Alaska News

Another round of bar break violence has business owners worrying about downtown Anchorage's image

First there was the night, at the end of November, when police donned riot gear to disperse a drunken crowd from a Fourth Avenue intersection downtown.

On Dec. 21, on the same block in the fledgling hours of another Sunday, a 24-year-old man was shot in the torso on a crowded sidewalk. He told police he had no idea who shot him.

Then, early last Sunday morning, gunshots shattered thousands of dollars' worth of window panes at Polar Bear Gifts, down Fourth Avenue. A Lincoln Navigator sped away with bullet holes in its window, but the caller who alerted police would say nothing more.

Michelle Cox, manager of Polar Bear Gifts, said nothing like it has happened since an 8-foot stuffed brown bear toy was stolen from in front of the store nearly a decade ago.

To some, the incidents add up to an impression that after midnight on weekends, the streets of downtown Anchorage have become a place where gunfire is as common as ice melt.

Others say that impression itself is the most dangerous threat to the health of downtown.

At the root of the trouble, police say, is bar break: The time, around 2 a.m., when alcohol-serving establishments downtown close, sending hundreds to thousands of drinking patrons onto the sidewalk. While they're shivering on the asphalt waiting for rides, tensions that simmered inside can erupt.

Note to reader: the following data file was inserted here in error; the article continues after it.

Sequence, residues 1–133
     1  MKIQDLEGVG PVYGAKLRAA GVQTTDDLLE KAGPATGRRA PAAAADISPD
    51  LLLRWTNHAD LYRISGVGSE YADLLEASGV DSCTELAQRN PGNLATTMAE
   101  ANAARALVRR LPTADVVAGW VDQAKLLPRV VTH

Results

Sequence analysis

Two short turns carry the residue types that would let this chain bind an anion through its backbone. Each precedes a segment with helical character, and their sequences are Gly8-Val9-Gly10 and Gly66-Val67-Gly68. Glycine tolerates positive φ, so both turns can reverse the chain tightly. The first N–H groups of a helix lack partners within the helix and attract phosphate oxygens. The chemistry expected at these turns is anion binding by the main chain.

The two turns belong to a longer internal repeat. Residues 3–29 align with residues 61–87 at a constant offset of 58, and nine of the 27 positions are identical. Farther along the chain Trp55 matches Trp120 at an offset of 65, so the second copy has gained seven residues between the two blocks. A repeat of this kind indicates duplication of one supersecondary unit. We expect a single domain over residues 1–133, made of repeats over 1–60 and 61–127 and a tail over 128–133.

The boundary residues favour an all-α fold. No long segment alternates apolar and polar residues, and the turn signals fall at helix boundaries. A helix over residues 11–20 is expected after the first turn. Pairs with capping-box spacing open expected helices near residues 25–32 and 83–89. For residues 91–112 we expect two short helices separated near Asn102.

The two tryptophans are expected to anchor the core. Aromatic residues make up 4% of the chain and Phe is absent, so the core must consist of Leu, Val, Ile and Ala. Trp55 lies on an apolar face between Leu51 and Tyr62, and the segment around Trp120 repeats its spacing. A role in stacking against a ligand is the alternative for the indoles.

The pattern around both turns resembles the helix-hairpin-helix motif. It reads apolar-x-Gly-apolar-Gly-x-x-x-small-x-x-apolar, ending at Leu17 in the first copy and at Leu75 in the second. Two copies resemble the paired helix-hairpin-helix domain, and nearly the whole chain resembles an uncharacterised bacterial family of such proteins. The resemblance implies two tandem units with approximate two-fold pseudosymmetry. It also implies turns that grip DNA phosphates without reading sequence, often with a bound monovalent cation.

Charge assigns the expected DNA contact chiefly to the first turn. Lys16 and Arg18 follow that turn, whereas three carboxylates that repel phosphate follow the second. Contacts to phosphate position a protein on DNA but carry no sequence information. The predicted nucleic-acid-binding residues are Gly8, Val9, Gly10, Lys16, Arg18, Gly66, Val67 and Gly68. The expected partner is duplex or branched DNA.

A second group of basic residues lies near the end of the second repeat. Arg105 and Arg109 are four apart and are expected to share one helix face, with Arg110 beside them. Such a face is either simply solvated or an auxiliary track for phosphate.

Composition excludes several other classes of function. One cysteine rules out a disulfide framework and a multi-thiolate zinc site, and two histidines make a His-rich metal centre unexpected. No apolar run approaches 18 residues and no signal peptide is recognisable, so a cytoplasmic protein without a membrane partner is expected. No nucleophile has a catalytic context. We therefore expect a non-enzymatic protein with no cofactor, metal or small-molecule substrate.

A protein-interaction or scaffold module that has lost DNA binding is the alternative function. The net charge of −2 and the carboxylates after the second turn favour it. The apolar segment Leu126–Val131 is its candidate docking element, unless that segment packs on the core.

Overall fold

At best, police officers describe the bar break scene as "controlled chaos," says APD spokeswoman Jennifer Castro.

The recent string of incidents prompted APD to step up its presence in the area she says is the center of the problem, near a new nightclub.

For the past few weekends, officers have been parking their patrol cars near Fourth Avenue and D Street and conducting foot patrols in the area between about 2 a.m. and 3 a.m., Castro said.

"Even with the added enforcement, we are still responding to shootings and problems downtown," she said.

Castro said the area around Fourth and D has seen an increase in "shootings, assaults and other disturbances" since the August opening of playHouse, a bar and nightclub in the space once occupied by Club Soraya.

"Is the problem the clientele or the establishment?" Castro wrote in an email. "Or is it a culmination of factors in the area (such as other nearby bars or problem-making patrons on their way back to their vehicles in the parking lot nearby)? It is too soon to tell."

Bar managers like playHouse's TJ Carmen counter that they can run tight security inside their clubs but can't be responsible for everything that happens outside. Pinning incidents like the Dec. 21 shooting that happened down the block from playHouse on his establishment is unfair, Carmen said.

Carmen says playHouse employs 10 security personnel on weekend nights, pats down patrons and uses a metal detector wand, among other security measures.